It is that time of year for me again. The time of year when I try to put together a preaching calendar for at least the next 12 months. I like to have a plan far enough in advance that I am not preaching just on hot topics. I also like to plan far enough out that I feel I give a good mix of sermons. If I am not careful I can run the risk of preaching on just a few of my favorite topics week after week, year after year. This is an annual ritual I go through every summer so that I am ready for the coming year.
I have often been asked if I am an “expository” preacher or do I preach through a book of the Bible (usually chapter by chapter). The I am also asked the opposite question as to whether I am a topical preacher. To be honest, I never know how to answer these questions.
First, I like to preach through books of the Bible each year. I especially like taking a chapter or two and preaching on those for several weeks. Second, I like to preach on certain topics on a regular basis. I picture it this way. Sometimes I have people who come to me and say, “Explain this passage to me.” They have been reading their Bible and they need to some insight into a passage that is hard to understand. But I also have people who come to me and ask something like, “What does the Bible say about divorce?” That person also wants to know what the Bible says and they need to know key passages and issues.
My approach to planning a preaching calendar is to include both types of sermons. I think it is very short-sighted to buy into one type of preaching as being the best. The scripture understands this – some of it is history, some of it is teaching, some of it is parable and some of it is poetry and prophecy. The Bible has many forms and presentations and so should the preacher.
That is my approach to planning my sermons. I would love to other people’s thoughts. What can a preacher do to help you grow in your walk with Jesus? Are they any topics or passages you would like addressed? I would love to heat your insights.
I was recently having a talk with a leader from another Church about Church growth. He was bemoaning the fact that many of the Church’s programs seem to produce very little results. I simply asked him to identify his purpose in each program. You see, as we were talking he mentioned three different groups their Church was trying to reach. One, they were trying to reach lost people. Two, they were trying to get their old members back. Three, they were hoping to attract some new members who were Christians but did not currently attend anywhere. I asked him an evaluation question for his programming; “Who is this program trying to reach?”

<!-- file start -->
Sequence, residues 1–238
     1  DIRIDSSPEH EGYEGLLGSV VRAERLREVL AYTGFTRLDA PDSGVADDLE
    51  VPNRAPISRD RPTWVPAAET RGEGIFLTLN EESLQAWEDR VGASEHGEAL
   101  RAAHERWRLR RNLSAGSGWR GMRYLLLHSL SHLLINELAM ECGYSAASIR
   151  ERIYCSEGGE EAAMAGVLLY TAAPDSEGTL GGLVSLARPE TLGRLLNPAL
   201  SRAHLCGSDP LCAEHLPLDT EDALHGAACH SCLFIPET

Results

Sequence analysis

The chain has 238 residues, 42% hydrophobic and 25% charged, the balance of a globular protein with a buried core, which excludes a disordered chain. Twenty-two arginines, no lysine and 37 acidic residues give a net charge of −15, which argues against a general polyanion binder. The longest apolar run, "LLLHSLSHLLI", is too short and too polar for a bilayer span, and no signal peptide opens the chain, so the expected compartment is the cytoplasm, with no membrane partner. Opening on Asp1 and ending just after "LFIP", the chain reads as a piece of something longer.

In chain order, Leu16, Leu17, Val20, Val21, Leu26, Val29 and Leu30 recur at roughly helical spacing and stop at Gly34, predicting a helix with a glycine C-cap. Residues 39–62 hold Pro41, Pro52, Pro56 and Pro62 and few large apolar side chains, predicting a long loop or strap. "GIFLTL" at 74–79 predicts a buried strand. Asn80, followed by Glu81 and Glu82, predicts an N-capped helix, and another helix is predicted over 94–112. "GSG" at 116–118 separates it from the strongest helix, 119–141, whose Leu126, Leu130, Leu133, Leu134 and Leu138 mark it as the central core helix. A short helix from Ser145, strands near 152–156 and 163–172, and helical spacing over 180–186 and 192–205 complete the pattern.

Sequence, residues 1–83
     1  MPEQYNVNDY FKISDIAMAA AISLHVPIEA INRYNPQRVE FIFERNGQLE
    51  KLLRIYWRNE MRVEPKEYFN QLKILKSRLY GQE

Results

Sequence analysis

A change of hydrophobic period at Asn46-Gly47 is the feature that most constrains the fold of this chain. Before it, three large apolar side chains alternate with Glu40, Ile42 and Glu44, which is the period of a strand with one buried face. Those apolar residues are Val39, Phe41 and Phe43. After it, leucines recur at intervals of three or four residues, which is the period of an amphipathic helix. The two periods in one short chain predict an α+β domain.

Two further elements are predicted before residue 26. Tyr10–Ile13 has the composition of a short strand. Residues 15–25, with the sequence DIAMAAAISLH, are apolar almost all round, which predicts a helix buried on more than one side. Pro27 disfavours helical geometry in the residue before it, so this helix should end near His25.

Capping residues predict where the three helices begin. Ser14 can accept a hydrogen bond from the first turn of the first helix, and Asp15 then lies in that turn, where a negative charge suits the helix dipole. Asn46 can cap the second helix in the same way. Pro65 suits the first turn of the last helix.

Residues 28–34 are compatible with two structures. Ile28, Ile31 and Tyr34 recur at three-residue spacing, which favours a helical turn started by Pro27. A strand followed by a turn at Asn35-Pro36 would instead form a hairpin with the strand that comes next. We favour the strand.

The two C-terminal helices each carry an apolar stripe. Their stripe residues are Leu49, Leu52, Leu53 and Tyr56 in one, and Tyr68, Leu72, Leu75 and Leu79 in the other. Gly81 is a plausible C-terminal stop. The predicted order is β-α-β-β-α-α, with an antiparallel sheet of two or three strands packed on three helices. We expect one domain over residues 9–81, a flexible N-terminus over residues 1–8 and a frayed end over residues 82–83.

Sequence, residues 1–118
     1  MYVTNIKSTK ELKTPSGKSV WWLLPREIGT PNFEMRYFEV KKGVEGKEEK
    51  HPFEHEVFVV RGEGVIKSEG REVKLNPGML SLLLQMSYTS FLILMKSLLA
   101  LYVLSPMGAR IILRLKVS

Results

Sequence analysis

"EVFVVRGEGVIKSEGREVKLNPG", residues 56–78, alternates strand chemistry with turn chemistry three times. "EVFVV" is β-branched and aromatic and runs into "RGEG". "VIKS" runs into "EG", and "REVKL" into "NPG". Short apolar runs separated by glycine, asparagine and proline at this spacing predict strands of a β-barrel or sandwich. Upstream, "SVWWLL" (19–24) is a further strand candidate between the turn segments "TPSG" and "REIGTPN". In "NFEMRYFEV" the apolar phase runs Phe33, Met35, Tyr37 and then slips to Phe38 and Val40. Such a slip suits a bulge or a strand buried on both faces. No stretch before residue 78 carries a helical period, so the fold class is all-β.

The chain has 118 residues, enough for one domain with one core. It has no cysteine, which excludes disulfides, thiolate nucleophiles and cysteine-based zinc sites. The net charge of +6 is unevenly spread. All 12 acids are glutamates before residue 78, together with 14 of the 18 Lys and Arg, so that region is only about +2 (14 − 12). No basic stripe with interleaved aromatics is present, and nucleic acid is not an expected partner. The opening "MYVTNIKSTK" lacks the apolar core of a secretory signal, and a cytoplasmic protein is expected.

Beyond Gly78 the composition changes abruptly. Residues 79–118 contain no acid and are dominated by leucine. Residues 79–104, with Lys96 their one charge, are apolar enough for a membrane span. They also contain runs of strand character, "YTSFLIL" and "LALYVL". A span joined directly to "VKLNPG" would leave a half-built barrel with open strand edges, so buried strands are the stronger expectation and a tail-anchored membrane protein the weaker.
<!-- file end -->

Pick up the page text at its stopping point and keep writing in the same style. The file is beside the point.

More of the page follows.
I believe that is takes different programs to accomplish each of those goals. What reaches lost people is different from former Church members and that is different from reaching people of marginal faith. His tendency, and mine, is to create one program and hope to hit everyone. It rarely works that way. You need to have focus in your programs and in the actions that surround them to reach a specific task.
After this conversation I began thinking about a greater application to this truth. Much of what I do everyday really needs to be refocused too. For example: As a husband are my actions leading to a better marriage? As a father, are my actions leading to better parenthood? As a Christ-follower, are my actions leading me into a deeper relationship with Jesus? My tendency is to just go about my business and hope for great results. Honestly, sometimes it works. But also, sometimes it doesn’t.
What would happen if I lived more directed toward specific goals everyday, in every area of my life?
What would happen in yours?
I have been preaching now for almost 20 years now and I still find some Monday mornings very depressing. On Sunday you poor out your heart and soul and sometimes it just doesn’t go as well as you would have liked. This was one of those weeks. Everyone, including myself, was tired. The energy was low and several people were gone. That made for a difficult setting and then the sermon just did not flow in quite the way I wanted. On mornings like this I am reminded of a quote from Mark Driscoll about preaching:
Simply, preaching is like driving a clutch, and the only way to figure it out is to keep grinding the gears and stalling until you figure it out.
Mark Driscoll, Confession of a Reformation Rev. (Grand Rapids: Zondervan, 2006), 133.
Then I was linked through another blog over to this article about “Why it doesn’t matter if people don’t remember your sermons.”
Finally, I was reminded today of the title of this blog. Every Monday morning God gives me another chance to write a better sermon, to have a better impact and to give others the same chances I get each week.